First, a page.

Dan Erlewine, of Stewart-MacDonald's R&D Team, walks you through one of the key skills in any repair shop.
By tapping the side of the old nut, you can dislodge it. Before you do, use a sharp blade to score a line on the finish around the nut. This way, the nut will break out of the finish on your scored lines, and chipping the finish will be kept to a minimum.
Nuts tap out easily on old guitars, but not on new heavily-finished ones; sometimes you'll need to saw through the nut to get it out. To do this, cut it lengthwise (across the string slots), stopping when you're almost down to the bottom. Now you can collapse the nut inward on itself and remove the pieces.
Clean the nut slot
Scrape out old glue residue, and make the slot square and clean without removing wood. (Good tools for this are Micro Chisels and Nut Seating Files.)
Choose your nut material
We like Bone Nut Blanks for most situations, except when used with a tremolo. Tremolos work well with slippery nut materials like Tusq and Black Tusq XL made by GraphTech.
Carefully square up the blank to fit the nut slot by using sandpaper on a flat surface (use double-stick tape or self-adhesive sandpaper). Start with 120-150 grit, and work your way through 220 and 320-grit. Calipers are a big help in accurately sizing the nut.
Roughly shape the nut
The top of the nut will be shaped to follow the radius of the fretboard. As a starting point, place the blank in the slot and trace the shape of the fretboard onto it. To determine the height of the nut, add the height of the frets to this traced line, then add an additional .030" for string clearance (the space from the bottom of the strings to the top of the first fret). This will give you a good starting point; later you'll fine-tune string heights, bringing them down just a little. A Radius Gauge is a good template for drawing this curved line for top of the nut.
File the nut to the shape you've drawn. Don't try to final-shape it yet — at this point, you want to leave yourself enough material to work with when you're fine-shaping later.
Lay out the spacing
Determine the spacing you want between the outside E-strings. A good measurement is .050", or about 1/16", in from the top of the beveled ends of the first fret. Looking straight down on the top of the nut, use the String Spacing Rule to find the proper spacing for the remaining four strings. Use a scribe or very sharp pencil to mark their locations.
Cut starter slots
Now you're ready to cut small "starter" slots. Be careful not to cut too deep. The .010" Gauged Saw is excellent for starting slots. The Gauged Saws are best at "moving" the slots from side-to-side if they stray from your marks, but they do lower the slots fast. (Besides, you shouldn't rush this!)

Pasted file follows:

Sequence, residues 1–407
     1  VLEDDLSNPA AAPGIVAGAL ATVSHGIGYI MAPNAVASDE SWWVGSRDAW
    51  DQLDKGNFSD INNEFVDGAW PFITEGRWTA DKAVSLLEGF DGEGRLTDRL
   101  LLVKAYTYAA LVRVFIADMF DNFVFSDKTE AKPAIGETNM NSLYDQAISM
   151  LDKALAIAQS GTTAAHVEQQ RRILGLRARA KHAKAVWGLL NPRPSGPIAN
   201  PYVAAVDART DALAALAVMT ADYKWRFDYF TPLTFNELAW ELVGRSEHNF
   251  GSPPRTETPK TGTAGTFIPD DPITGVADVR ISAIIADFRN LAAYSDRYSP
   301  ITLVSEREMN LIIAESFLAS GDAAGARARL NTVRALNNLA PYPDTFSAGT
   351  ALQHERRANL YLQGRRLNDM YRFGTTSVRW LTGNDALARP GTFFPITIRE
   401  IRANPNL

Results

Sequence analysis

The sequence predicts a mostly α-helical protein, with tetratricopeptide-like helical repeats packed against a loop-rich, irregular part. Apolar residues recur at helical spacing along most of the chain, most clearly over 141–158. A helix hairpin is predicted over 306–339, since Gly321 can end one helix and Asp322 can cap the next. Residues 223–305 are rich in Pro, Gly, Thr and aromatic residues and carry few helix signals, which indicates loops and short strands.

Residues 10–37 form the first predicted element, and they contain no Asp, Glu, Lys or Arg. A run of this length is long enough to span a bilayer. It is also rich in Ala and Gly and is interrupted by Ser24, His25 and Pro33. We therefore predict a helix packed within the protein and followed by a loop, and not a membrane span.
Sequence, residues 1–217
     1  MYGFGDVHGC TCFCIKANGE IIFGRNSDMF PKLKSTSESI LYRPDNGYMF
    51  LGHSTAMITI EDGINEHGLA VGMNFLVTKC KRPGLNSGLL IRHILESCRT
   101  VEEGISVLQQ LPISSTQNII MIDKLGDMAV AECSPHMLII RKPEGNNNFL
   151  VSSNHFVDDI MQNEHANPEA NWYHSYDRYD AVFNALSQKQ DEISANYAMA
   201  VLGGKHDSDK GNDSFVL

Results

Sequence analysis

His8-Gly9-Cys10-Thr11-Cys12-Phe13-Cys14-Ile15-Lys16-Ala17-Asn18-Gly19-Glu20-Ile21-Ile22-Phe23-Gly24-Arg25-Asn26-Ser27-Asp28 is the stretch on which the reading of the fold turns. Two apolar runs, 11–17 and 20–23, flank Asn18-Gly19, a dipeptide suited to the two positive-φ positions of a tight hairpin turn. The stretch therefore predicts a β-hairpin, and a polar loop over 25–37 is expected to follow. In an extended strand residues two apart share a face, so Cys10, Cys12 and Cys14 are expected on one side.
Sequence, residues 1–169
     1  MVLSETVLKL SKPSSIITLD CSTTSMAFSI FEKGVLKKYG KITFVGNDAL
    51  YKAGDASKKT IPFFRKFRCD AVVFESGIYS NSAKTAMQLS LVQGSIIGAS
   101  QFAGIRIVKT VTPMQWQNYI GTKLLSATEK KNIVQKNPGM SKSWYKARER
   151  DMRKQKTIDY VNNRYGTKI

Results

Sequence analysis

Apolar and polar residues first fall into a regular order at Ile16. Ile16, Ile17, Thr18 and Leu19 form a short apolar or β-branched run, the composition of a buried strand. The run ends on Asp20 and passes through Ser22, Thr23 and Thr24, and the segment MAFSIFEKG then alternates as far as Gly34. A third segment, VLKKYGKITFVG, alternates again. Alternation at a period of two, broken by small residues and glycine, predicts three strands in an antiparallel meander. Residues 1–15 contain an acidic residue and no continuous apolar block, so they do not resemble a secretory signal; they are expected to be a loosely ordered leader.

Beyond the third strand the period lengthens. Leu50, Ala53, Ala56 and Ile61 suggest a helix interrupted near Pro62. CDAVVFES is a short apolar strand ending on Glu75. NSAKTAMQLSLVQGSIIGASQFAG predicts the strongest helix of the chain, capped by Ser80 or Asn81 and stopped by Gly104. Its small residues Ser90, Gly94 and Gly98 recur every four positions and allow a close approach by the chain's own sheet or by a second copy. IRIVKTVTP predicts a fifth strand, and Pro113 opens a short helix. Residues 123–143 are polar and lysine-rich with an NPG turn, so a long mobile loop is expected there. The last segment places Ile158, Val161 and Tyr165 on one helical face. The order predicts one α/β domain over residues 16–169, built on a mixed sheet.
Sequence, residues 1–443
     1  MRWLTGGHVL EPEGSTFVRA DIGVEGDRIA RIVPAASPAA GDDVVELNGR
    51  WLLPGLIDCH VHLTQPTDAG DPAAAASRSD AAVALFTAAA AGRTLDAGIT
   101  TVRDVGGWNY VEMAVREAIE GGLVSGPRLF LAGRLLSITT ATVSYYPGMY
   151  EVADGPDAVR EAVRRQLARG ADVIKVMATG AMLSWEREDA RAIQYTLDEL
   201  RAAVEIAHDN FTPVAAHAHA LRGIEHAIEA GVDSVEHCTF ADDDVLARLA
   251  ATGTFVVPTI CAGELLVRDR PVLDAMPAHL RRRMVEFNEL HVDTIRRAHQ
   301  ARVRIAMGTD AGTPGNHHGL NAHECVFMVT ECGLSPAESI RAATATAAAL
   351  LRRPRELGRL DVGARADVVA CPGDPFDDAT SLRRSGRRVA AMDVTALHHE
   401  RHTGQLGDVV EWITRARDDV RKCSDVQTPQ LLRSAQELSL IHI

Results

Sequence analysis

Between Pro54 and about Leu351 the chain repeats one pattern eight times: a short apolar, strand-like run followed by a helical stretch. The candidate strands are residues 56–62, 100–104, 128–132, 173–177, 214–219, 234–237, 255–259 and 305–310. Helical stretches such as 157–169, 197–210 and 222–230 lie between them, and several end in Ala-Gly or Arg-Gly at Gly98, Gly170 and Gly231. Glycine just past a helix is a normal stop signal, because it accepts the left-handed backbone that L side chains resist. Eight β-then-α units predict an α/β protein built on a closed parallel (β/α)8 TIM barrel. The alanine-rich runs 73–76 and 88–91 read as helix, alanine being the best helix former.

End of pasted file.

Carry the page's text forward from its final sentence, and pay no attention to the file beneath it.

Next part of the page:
What files do I need?
Choose nut slotting files that are the same size or no more that a few thousands larger than your individual string gauges. A smaller file can also be rocked side-to-side to widen a slot to the desired size. For example, you can cut a .043" slot with a .042" file by moving it around a bit.
Remove the nut to protect the guitar
To avoid marring the guitar, consider shaping the slots with the nut blank held in the Nut and Saddle Vise. File down the excess nut material from the top as the slots get deeper, so there's room for your file to cut. Frequently check the slot locations with the String Spacing Rule, and move the slots from side to side if needed. When the slots are well defined, but not to final depth, put the nut back in the slot and string up.
Final slot height
Take the slots to their final height with all the strings on and tuned to pitch. Double-edge Nut Files are good for this job.
As you get close, use stacked feeler gauges as an accurate way to stop at the string height you're after. (Our frets in this example are .040" tall, so when we add .030" for string clearance we get a slot height of .070".) Stack the feeler gauges to this combined measurement, and file the slots until the file just nicks the feeler gauges.
Now you've got a good general string height, and you're ready to fine-tune it if you like: leaving the heavier strings a bit high, while the treble strings get lowered, following the radius of the fretboard. Many pro players prefer to set the low-E string clearance to about .020", and the treble E-string at .010" (give or take a few thousandths). The strings between are at graduated heights following the fretboard radius.
Mark the final size
Mark all around the overhanging nut edges with a scribe or knife, then put it back in the vise to trim off the excess nut material. Work carefully up to your scribed lines with the smooth side of the Nut Shaping File. Take your time — it's easy to "blow a nut" at this stage!
Final-sand and contour the nut's shape using ever-finer sandpaper (220-, 320-, 400-, and all the way up to 1200 if you wish). Follow this fine-sanding by polishing with a soft rag and polishing compound.
String it up!
String the guitar to pitch, and final-check the nut shape and string heights with a String Action Gauge. If you're happy, loosen the strings and glue the nut in lightly with 2 or 3 small drops of Titebond glue. Replace the strings quickly, tune back to pitch, and slide the nut from side-to-side to align it while the glue is wet and slippery. Leave the strings on, to provide clamping pressure. After the glue dries for an hour, you're ready to play.